Hemophilia News

Hemophilia is a rare blood disorder in which blood doesn’t clot normally because of a lack of clotting factor, a blood protein. Individuals with hemophilia don’t bleed any faster than others, but they often bleed for a longer amount of time.

Hemophilia doesn’t occur very often, and about one in every 10,000 people are born with the disease. There are two types, hemophilia A and hemophilia B, that each refer to the lack of a different type of clotting factor. But the disease often presents the same way in people with either type of hemophilia.


In the vast majority of cases, hemophilia is a hereditary disease that is passed down from parents to children. In very rare instances, it can be acquired at some point during your lifetime. When the average person begins bleeding, the platelets in the blood start to stick together with the help of clotting factor to plug the hole and stop the bleeding. But individuals with hemophilia have little or no clotting factor, so the bleeding continues even after it should stop. This can range from mild to severe in nature, and hemophilia can be quite dangerous if left untreated.


The primary treatment for hemophilia is known as replacement therapy. Essentially, this is a therapy administered by an IV or injection that replaces the missing clotting factor in the body with new clotting factor. This can be done periodically as a preventive measure, or only periodically as the individual needs it.

There are other treatments for hemophilia, as well. For example, certain hormonal therapies can release stores of clotting factor that are already in the body, and there are also drugs often given along with replacement therapy that help prevent blood clots from breaking down.

SOURCES: World Federation of Hemophilia; National Institutes of Health: National Heart, Lung, and Blood Institute.

Date Posted
Article Title
Engineered Skin Cells Control Type 2 Diabetes in Mice: Study

'Therapeutic skin grafts' might someday treat multiple diseases, researchers say

Researchers Develop Potential Oral Treatment for Hemophilia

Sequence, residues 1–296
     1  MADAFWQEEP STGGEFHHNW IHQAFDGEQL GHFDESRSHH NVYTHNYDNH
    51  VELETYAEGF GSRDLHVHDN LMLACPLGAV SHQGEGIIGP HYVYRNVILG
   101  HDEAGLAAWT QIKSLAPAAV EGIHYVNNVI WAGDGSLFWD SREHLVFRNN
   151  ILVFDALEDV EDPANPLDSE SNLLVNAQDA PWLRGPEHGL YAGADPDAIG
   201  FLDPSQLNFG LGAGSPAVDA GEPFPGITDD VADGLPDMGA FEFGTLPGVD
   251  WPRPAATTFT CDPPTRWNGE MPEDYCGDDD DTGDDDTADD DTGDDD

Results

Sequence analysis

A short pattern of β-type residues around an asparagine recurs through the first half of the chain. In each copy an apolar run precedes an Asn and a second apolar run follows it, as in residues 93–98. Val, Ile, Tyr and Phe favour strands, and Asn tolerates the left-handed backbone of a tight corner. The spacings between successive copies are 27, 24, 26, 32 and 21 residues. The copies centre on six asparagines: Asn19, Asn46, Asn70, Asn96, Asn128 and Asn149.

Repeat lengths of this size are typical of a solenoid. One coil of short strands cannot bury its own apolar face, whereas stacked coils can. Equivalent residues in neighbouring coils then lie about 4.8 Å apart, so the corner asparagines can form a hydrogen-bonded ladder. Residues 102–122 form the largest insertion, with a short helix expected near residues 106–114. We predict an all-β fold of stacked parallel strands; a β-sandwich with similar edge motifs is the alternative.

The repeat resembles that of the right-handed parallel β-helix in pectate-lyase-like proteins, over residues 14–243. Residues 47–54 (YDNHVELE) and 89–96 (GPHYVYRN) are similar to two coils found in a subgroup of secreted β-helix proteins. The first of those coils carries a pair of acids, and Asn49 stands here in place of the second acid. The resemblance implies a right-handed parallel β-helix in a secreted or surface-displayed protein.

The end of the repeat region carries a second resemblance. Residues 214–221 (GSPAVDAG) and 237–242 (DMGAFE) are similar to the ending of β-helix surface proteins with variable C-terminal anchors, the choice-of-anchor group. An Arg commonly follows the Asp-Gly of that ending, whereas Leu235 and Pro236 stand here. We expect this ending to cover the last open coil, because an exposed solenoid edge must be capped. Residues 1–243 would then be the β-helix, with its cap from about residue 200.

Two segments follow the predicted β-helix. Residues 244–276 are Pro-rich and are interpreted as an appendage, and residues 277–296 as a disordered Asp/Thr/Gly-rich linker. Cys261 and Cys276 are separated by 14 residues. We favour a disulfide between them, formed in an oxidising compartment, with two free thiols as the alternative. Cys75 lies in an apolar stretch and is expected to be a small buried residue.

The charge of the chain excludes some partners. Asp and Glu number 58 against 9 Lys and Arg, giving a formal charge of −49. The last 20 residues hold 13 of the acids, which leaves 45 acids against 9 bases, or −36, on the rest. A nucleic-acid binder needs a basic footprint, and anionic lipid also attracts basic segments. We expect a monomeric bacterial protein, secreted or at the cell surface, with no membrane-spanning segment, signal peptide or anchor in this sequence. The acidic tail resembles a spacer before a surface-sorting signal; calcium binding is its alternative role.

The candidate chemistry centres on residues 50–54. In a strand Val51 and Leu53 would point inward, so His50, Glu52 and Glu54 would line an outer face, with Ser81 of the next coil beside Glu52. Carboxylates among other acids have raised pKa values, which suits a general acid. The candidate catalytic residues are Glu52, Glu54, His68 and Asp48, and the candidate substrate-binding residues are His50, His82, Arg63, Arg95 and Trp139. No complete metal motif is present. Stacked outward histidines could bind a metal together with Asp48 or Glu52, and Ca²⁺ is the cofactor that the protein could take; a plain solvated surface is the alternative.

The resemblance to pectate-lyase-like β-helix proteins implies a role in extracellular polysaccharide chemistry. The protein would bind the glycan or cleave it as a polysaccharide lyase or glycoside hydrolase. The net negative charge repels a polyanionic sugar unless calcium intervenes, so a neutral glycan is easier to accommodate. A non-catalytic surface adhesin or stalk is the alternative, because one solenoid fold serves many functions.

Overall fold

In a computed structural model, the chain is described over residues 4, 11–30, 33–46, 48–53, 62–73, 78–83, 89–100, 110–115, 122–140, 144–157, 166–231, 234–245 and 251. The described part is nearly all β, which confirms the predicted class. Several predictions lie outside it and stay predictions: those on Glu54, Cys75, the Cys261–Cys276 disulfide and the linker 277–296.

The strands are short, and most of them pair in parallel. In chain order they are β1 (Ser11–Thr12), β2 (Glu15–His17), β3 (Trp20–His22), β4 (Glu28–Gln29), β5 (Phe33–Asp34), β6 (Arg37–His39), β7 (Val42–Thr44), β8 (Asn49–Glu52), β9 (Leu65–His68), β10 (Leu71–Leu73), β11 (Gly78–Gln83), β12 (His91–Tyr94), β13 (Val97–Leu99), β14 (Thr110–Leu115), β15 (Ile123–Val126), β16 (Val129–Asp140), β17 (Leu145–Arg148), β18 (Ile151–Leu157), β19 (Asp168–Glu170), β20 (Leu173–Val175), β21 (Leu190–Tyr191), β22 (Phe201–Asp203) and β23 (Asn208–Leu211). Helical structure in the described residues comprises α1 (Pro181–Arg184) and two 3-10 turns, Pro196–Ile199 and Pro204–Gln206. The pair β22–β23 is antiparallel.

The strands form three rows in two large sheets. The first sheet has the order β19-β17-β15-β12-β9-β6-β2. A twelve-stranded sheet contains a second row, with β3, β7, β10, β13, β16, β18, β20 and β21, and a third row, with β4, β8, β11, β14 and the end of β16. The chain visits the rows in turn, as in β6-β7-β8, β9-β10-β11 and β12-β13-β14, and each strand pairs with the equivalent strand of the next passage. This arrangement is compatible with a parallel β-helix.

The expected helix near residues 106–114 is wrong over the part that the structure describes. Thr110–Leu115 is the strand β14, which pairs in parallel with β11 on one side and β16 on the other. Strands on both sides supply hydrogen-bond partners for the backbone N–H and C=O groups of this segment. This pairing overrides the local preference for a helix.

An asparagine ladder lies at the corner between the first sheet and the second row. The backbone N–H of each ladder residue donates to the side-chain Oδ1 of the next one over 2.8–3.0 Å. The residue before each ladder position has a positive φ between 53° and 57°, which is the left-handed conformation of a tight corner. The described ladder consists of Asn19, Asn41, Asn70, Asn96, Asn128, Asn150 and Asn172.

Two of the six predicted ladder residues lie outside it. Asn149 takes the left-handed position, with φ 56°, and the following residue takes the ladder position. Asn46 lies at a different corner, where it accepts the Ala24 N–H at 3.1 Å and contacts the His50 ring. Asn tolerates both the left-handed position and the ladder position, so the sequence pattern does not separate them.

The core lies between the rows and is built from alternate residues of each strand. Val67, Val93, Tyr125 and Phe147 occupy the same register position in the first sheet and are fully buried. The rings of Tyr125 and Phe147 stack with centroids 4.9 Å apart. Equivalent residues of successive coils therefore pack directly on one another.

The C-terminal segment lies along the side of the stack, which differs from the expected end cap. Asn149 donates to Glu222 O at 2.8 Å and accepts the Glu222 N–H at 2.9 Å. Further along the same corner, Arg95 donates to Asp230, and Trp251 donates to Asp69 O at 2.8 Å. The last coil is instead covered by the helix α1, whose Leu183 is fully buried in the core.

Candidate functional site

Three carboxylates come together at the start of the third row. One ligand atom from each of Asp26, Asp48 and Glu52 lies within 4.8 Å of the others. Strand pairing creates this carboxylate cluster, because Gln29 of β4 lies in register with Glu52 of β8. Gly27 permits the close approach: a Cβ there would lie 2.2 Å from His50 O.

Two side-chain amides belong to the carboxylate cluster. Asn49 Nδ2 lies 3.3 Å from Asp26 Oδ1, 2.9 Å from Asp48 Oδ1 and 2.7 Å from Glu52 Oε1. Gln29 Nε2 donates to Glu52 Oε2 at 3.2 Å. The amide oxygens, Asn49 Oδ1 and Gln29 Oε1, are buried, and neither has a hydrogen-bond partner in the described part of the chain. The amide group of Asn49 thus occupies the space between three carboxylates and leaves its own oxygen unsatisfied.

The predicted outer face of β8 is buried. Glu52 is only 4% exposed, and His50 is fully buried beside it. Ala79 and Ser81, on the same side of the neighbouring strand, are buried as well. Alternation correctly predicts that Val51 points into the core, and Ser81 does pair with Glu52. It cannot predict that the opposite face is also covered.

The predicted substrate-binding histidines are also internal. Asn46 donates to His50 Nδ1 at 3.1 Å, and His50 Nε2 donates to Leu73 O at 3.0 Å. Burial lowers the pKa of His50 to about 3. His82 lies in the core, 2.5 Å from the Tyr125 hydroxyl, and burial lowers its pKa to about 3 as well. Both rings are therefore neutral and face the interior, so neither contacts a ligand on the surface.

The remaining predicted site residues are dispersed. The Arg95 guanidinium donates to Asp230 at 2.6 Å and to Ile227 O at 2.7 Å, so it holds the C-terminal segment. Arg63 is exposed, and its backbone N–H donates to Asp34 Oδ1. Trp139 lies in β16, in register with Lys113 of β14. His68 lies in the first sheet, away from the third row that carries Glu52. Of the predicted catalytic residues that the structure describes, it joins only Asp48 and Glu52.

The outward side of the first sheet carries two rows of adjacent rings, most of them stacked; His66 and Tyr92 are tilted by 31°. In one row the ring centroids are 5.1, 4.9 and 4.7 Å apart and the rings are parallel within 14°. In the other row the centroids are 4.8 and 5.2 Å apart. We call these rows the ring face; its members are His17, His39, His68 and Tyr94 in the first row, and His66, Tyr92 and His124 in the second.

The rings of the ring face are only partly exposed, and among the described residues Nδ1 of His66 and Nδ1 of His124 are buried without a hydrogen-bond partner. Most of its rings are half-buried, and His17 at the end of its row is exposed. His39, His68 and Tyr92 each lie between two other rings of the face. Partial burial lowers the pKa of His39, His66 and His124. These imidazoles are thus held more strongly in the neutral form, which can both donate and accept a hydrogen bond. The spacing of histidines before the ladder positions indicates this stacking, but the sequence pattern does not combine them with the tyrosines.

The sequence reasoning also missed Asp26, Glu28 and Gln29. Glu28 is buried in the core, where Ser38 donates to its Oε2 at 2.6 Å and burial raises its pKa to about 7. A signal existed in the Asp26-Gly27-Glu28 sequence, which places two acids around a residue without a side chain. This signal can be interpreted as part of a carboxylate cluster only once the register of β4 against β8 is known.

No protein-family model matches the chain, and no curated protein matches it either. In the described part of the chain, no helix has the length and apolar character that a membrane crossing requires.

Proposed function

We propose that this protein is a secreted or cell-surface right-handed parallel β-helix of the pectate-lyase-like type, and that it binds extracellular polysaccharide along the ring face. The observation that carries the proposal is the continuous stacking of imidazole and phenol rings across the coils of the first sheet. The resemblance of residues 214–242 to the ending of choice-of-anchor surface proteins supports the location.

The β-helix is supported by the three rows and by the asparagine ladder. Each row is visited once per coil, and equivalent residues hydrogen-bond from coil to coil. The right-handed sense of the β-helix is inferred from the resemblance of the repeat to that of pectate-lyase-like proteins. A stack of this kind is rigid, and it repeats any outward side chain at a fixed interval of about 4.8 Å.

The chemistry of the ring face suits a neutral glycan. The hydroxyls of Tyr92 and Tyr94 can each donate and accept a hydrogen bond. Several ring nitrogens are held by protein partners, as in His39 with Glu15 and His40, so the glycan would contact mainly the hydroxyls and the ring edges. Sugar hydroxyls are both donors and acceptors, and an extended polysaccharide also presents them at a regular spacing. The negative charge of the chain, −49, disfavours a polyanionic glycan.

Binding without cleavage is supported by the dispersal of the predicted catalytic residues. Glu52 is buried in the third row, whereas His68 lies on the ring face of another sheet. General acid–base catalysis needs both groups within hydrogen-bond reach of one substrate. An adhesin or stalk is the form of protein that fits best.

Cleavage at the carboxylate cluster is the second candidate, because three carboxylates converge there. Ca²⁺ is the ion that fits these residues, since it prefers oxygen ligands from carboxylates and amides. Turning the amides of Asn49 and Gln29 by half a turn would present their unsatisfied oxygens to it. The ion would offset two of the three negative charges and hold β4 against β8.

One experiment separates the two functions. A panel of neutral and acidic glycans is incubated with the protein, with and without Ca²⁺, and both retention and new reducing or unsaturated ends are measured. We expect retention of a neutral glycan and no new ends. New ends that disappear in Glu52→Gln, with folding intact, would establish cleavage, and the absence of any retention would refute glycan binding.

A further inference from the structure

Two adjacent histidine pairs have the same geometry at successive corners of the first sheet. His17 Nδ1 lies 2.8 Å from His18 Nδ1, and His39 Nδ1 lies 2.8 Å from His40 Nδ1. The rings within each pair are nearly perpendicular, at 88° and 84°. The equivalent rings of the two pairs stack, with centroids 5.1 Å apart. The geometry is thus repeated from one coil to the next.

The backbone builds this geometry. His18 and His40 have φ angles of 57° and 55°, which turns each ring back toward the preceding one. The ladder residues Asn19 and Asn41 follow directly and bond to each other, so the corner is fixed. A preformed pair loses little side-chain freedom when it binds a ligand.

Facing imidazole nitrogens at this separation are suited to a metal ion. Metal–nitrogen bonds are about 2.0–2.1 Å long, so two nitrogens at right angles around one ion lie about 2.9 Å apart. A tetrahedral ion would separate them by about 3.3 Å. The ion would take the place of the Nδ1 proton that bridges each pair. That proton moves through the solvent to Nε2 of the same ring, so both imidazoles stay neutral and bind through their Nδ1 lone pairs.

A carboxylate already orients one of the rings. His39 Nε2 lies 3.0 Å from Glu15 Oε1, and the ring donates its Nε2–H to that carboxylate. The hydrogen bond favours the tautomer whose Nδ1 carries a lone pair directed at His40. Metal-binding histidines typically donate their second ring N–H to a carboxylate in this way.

Currently, genetic bleeding disorder is treated with injections

Gene Therapy Offers Hope to Some Hemophilia Patients

Small, preliminary trial suggests it may free hemophilia B patients from transfusions

2 New Findings Offer Hope for Those With Severe Hemophilia

One pinpoints when standard therapy works best, while the other uncovers the promise of a new drug

Review Finds Mixed Success With Hemophilia Treatment

Researchers surprised by shortcomings in treatment of men with severe forms of the blood-clotting disorder

Kids' Hemophilia Drugs a Big Part of State Medicaid Spending

California-based study finds drugs for the blood disorder take up large share of budget

New Treatment Approved for Rare Form of Hemophilia

The bleeding disorder affects both males and females

Long-Acting Clotting Agent Approved for Form of Hemophilia

Alprolix requires less frequent injections

Tretten Approved for Genetic Clotting Disorder

Rare condition could be life threatening

Kids With Hemophilia Should Be Active, But Avoid Risky Sports: Study

Non-contact activities safest, allowing children to enjoy exercise, experts say

Gene Therapy a Boon for 6 Hemophilia Patients

Severity of the bleeding condition was reduced for men with type B disorder, study finds

Using Drug for Prevention Might Help in Hard-to-Treat Hemophilia

For some patients, using medicine to stave off, not just treat bleeds, could decrease joint damage

Off-Label Use of Clotting Drug Soars, Report Finds

Stanford researchers question use of expensive drug for other medical treatments despite risk

Health Tip: Possible Complications of Hemophilia

The blood disorder can lead to additional problems

Hemophilia Drug Used Off-Label Raises Clot Risk

Those without blood disorder who were given it were twice as likely to have trouble, review found

Strides Made in Hemophilia Research

Successful blood-clotting in lab could pave way for human trials, researchers say

Kogenate FS Prevents Joint Damage in Young Hemophiliacs

Hemophilia A affects about 15,000 in the U.S.

Hemophilia Treatment Approved

Xyntha supplements affected blood factor

Transplanted Liver Lining Cells May Cure Hemophilia

Experiments in mice may lead to new treatments for the disease, study suggests

Health Tip: Hemophiliacs, Be Cautious

Protect yourself from injury

Polymer Aids in Blood Clotting

Finding could lead to new treatment for diseases like hemophilia, study says

The Bright Side of a Genetic Disease

Mothers of hemophiliacs have lower death rate

New Clotting Factor for Hemophiliacs

Eliminates possible germ transmission

Pinpointing Clotting Problems

New test quickly measures thrombin in blood

Hemophilia Drug May Have Wider Use

But there's disagreement over determining correct dosage

New Type of Gene Therapy May Help Treat Hemophilia A

Technique shows promise in lab mice

An Unhappy Christmas Story

British boy is namesake for hemophilia B

Gene Therapy for Hemophilia Passes Test

Altered cells may correct genetic flaw